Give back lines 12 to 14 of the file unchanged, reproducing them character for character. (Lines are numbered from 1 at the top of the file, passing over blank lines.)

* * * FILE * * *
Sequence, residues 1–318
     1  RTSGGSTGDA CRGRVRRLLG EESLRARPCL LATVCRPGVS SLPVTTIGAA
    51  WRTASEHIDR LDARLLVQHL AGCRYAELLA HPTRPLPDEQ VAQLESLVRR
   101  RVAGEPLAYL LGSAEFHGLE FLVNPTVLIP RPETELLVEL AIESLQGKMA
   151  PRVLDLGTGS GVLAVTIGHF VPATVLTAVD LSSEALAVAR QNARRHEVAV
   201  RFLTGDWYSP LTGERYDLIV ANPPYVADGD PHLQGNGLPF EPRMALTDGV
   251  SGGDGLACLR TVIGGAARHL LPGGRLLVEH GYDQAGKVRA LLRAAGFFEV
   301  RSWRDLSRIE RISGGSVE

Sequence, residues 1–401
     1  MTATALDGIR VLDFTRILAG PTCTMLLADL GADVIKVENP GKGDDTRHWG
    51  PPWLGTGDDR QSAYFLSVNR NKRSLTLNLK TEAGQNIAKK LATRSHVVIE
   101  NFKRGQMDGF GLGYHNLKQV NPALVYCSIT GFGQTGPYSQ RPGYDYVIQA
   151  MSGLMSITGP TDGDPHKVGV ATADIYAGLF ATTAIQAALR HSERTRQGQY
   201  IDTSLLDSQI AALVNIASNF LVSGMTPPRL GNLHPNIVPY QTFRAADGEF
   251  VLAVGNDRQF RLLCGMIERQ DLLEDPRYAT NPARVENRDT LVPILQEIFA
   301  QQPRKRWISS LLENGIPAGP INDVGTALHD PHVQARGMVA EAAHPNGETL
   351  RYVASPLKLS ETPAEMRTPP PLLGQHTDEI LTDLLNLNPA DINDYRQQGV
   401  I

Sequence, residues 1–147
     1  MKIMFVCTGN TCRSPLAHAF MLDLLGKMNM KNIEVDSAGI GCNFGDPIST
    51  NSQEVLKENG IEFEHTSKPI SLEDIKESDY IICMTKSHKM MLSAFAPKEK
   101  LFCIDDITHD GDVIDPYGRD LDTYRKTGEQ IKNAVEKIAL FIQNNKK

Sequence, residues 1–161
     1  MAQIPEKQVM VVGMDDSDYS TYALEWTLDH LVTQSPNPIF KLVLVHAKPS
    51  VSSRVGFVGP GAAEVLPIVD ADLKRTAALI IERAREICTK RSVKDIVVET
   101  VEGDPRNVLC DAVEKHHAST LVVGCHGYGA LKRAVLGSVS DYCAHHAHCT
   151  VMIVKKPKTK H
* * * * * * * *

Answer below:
   101  NFKRGQMDGF GLGYHNLKQV NPALVYCSIT GFGQTGPYSQ RPGYDYVIQA
   151  MSGLMSITGP TDGDPHKVGV ATADIYAGLF ATTAIQAALR HSERTRQGQY
   201  IDTSLLDSQI AALVNIASNF LVSGMTPPRL GNLHPNIVPY QTFRAADGEF